The late Miocene Urenui Formation cropping out on the eastern margin of Taranaki Basin, currently New Zealand's only commercially exploited hydrocarbon basin, is dominated by siliciclastic slope mudstone (<5% carbonate) that locally includes a variety of tubular concretions (50–85% carbonate). Dominated by commonly large pipe and bulbous varieties, as much as 0.5 to more than 10 m (1.6 to >33 ft) long and 5 to 70 cm (2 to 28 in.) across, these concretions formed from the precipitation of fine-grained calcite or dolomite cement within siliciclastic mud in the shallow subsurface (likely <100 m burial). Most support a central conduit that may be empty or filled with sediment or multiple generations of post-shallow-burial carbonate cements.
Depleted δ13C values of the concretionary calcite cements (−40 to −25‰ PDB) indicate that their carbon was sourced from oxidized methane. In contrast, enriched δ13C values of the concretionary dolomite cements (−10 to +11‰ PDB) indicate that their carbon was derived from methanogenic CO2 and/or extensive methane oxidation. The range of δ18O values for the concretionary cement types (−2 to +5‰ PDB) supports precipitation from fluids both depleted and enriched with respect to New Zealand Miocene marine waters, which are suggested to reflect episodes of gas hydrate formation and dissociation, respectively.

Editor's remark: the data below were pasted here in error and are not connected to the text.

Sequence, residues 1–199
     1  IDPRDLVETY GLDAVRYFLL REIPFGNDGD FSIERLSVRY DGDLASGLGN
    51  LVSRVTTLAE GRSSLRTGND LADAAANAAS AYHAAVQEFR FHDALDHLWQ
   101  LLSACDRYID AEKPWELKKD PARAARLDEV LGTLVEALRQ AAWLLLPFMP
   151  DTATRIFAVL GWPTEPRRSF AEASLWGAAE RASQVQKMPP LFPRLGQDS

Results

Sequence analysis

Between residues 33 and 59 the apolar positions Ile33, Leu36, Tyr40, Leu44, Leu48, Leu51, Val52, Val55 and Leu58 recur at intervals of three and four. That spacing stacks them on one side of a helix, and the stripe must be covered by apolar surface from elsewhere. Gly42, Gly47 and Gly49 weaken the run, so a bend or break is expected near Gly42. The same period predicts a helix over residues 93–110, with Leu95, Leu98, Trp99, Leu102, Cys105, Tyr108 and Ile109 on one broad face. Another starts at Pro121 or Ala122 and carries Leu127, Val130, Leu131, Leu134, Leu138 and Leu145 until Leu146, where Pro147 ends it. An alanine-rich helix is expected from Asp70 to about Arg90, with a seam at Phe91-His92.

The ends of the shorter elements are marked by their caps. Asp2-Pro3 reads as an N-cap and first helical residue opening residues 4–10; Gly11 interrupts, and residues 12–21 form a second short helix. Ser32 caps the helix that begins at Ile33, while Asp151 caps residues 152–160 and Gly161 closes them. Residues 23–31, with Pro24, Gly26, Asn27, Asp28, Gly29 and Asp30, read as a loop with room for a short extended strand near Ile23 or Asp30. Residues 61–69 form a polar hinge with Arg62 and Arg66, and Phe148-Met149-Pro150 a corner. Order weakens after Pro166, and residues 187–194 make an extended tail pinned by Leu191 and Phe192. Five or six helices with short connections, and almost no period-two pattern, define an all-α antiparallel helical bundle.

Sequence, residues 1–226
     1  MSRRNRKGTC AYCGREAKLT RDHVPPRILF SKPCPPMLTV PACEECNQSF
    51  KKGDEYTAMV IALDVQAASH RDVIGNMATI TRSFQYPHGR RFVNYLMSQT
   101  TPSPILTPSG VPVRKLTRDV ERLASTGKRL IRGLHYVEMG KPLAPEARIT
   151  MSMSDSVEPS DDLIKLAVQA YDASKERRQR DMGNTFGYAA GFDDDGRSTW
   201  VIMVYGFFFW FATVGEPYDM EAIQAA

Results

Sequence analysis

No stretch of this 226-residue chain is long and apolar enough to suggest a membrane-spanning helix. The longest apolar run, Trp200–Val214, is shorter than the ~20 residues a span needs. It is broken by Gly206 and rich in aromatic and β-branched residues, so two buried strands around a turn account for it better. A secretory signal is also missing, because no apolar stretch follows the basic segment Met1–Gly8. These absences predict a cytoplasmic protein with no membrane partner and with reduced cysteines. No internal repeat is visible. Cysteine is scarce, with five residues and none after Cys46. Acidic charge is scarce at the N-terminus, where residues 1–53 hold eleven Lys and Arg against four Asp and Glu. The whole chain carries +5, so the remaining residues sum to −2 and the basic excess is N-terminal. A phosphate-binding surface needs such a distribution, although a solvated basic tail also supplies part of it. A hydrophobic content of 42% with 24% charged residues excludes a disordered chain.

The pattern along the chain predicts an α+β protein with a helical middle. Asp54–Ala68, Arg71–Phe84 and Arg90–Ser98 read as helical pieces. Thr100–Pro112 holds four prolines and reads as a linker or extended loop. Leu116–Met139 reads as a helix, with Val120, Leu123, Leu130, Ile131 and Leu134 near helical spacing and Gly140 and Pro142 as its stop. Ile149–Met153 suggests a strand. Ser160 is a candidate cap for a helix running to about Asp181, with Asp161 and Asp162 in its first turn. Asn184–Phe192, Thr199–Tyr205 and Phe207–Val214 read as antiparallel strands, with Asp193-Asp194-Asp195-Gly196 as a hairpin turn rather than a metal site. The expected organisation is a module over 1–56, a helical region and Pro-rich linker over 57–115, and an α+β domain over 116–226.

The tubular carbonate concretions are interpreted to mark the subsea-floor pathways of focused methane infused upward fluid escape, and as such, they represent a part of the shallow subsurface plumbing system of a cold seep system developed on the continental margin bounding the Taranaki Basin in the late Miocene. This margin has been strongly influenced by periodic movements along the major Taranaki fault thrust system, which coincidentally directly underlies the Urenui concretion occurrences and was probably the most likely avenue for active fluid migration within the hydrocarbon seep system. The tubular concretions experienced periodic intervals of exhumation and burial caused by margin failure because of greater slope instability from injected fluids and resulted in conglomeratic channel-fill deposits within the Urenui Formation that include mass-transported tubular concretions.